Natively interactive elements such as buttons, anchor tags and form controls have a default tabindex value of 0.
    Custom elements that are intended to be interactive and receive keyboard focus need to have an explicitly assigned tabindex="0"(for example, div and li elements)
In other words, in order for your draggable activator elements to be able to receive keyboard focus, they need to have the tabindex attribute set to 0 if they are not natively interactive elements (such as the HTML button element).
For this reason, the useDraggable hook sets the tabindex="0" attribute by default.

Keyboard shortcuts

Once a draggable activator element receives focus, the enter (on Windows) or return (on macOS) and the space keys can be used to initiate a drag operation and pick up the draggable item.
The arrow keys are used to move the draggable item in any given direction.
After an item is picked up, it can be dropped using the enter (on Windows) or return (on macOS) and the space keys.
A drag operation can be cancelled using the escape key. It is recommended to allow users to cancel the drag operation using the escape key for all sensors, not just the Keyboard sensor.
The keyboard shortcuts of the Keyboard sensor can be customized, but we discourage you to do so unless you maintain support for the enter, return and space keys to follow the guidelines set by the third rule of ARIA.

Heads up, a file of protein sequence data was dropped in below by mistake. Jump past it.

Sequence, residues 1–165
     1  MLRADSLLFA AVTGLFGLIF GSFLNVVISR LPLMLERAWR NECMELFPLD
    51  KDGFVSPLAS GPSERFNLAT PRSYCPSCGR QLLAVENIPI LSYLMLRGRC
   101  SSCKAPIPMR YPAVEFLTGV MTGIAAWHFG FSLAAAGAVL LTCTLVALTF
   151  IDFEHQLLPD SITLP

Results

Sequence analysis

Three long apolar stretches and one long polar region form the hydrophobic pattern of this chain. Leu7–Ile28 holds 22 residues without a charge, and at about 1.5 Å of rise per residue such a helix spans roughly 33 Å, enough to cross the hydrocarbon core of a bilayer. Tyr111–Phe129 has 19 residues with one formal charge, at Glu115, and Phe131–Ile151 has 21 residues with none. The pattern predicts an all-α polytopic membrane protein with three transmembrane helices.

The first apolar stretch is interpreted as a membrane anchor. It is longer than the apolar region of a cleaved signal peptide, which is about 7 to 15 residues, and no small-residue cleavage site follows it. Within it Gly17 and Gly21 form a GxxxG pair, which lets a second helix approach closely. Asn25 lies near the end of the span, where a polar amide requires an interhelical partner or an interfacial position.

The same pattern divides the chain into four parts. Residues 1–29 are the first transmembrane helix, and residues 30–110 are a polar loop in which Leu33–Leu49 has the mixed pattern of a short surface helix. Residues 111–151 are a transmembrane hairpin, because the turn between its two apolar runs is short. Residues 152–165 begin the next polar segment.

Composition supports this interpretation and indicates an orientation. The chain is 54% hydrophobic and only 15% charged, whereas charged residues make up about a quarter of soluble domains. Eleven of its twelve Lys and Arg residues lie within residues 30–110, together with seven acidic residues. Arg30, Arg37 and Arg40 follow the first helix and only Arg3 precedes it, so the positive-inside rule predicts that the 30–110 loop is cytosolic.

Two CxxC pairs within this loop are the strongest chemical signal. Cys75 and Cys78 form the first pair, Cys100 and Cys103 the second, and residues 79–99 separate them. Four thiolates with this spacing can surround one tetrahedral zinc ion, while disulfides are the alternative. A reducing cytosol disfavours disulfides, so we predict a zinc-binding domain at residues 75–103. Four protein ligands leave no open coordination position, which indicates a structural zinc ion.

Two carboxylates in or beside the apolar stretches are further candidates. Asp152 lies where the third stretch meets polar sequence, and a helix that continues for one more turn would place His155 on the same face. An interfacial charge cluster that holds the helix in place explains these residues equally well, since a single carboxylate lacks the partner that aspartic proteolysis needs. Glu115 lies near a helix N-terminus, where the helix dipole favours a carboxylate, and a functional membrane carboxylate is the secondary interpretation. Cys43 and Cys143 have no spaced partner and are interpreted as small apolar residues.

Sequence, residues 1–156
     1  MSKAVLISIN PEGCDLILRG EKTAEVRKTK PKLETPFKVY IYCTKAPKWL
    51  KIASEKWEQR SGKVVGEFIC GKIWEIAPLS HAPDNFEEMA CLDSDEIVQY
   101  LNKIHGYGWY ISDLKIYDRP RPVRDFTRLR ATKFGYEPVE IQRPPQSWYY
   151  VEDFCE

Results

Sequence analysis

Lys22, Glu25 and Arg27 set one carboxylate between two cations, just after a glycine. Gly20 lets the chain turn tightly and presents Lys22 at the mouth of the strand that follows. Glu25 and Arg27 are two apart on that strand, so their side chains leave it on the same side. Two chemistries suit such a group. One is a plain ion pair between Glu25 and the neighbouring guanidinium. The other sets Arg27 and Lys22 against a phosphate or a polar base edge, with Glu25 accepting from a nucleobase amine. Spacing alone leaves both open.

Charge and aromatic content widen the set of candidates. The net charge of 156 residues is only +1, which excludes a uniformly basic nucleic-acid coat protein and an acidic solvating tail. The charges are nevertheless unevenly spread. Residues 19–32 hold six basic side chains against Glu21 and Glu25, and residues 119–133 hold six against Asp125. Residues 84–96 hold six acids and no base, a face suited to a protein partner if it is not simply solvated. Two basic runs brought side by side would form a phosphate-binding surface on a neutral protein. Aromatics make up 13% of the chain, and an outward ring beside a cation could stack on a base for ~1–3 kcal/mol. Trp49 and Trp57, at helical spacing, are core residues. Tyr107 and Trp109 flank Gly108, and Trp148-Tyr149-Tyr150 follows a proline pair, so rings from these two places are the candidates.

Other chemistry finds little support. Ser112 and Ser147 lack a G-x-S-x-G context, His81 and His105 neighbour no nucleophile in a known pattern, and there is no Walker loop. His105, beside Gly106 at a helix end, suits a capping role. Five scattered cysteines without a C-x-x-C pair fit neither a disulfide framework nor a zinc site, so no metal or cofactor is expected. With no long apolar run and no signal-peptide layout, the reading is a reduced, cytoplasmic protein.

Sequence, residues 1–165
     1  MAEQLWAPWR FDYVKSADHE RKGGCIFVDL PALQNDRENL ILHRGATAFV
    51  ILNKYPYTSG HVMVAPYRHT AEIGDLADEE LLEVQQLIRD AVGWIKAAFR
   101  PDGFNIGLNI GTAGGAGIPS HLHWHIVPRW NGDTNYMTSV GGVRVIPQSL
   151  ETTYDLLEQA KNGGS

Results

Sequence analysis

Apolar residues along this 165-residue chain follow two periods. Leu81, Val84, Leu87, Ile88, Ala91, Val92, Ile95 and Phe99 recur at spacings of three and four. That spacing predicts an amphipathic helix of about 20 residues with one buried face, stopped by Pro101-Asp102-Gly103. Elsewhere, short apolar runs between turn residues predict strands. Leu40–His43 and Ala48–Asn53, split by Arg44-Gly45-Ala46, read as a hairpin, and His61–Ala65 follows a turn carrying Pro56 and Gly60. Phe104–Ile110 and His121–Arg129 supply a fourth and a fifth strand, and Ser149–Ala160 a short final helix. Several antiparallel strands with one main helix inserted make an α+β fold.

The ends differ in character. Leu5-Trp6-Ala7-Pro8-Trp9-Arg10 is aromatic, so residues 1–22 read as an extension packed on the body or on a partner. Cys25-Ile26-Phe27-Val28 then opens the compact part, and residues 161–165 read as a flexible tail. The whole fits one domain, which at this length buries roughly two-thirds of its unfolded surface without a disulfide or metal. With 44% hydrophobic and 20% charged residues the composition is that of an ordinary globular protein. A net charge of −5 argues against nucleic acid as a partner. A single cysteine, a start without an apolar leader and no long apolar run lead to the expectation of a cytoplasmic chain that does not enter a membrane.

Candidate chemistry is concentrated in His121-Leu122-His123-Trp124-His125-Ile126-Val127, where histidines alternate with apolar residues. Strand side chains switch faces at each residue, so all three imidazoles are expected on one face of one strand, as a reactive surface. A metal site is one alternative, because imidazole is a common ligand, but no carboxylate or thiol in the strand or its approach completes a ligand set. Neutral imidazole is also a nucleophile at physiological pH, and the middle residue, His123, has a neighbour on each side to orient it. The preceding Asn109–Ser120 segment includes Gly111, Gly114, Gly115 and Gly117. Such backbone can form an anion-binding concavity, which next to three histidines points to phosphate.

By default, the Keyboard sensor moves in any given direction by 25 pixels when the arrow keys are pressed while dragging.
This is an arbitrary default that is likely not suited for all use-cases. We encourage you to customize this behaviour and tailor it to the context of your application using the getNextCoordinates option of the Keyboard sensor.
For example, the useSortable hook ships with an augmented version of the Keyboard sensor that uses the getNextCoordinates option behind the scenes to find the coordinates of the next sortable element in any given direction when an arrow key is pressed.
In order to let users learn how to interact with draggable elements using these keyboard shortcuts, it's important to provide screen reader instructions.

Screen reader instructions

In order to users know how to interact with draggable items using only the keyboard, it's important to provide information to the user that their focus is currently on a draggable item, along with clear instruction on how to pick up a a draggable item, how to move it, how to drop it and how to cancel the operation.

Role

To let users know that their focus is currently on a draggable item, the useDraggable hook provides the role and aria-roledescription, and aria-describedby attributes by default:
Attribute
Default value
Description
role
"button"
The ARIA "role" attribute lets you explicitly define the role for an element, which communicates its purpose to assistive technologies.
If possible, we recommend you use a semantic <button> element for the DOM element you plan on attaching draggable listeners to. In case that's not possible, make sure you include the role="button"attribute, which is the default value.
aria-roledescription
"draggable"
Defines a human-readable, localized description for the role of an element that is read by screen readers.
While draggable is a sensible default, we recommend you customize this value to something that is tailored to your use-case.
aria-describedby
"DndContext-[uniqueId]"
Each draggable item is provided a unique aria-describedby ID that points to the voiceover instructions to be read out when a draggable item receives focus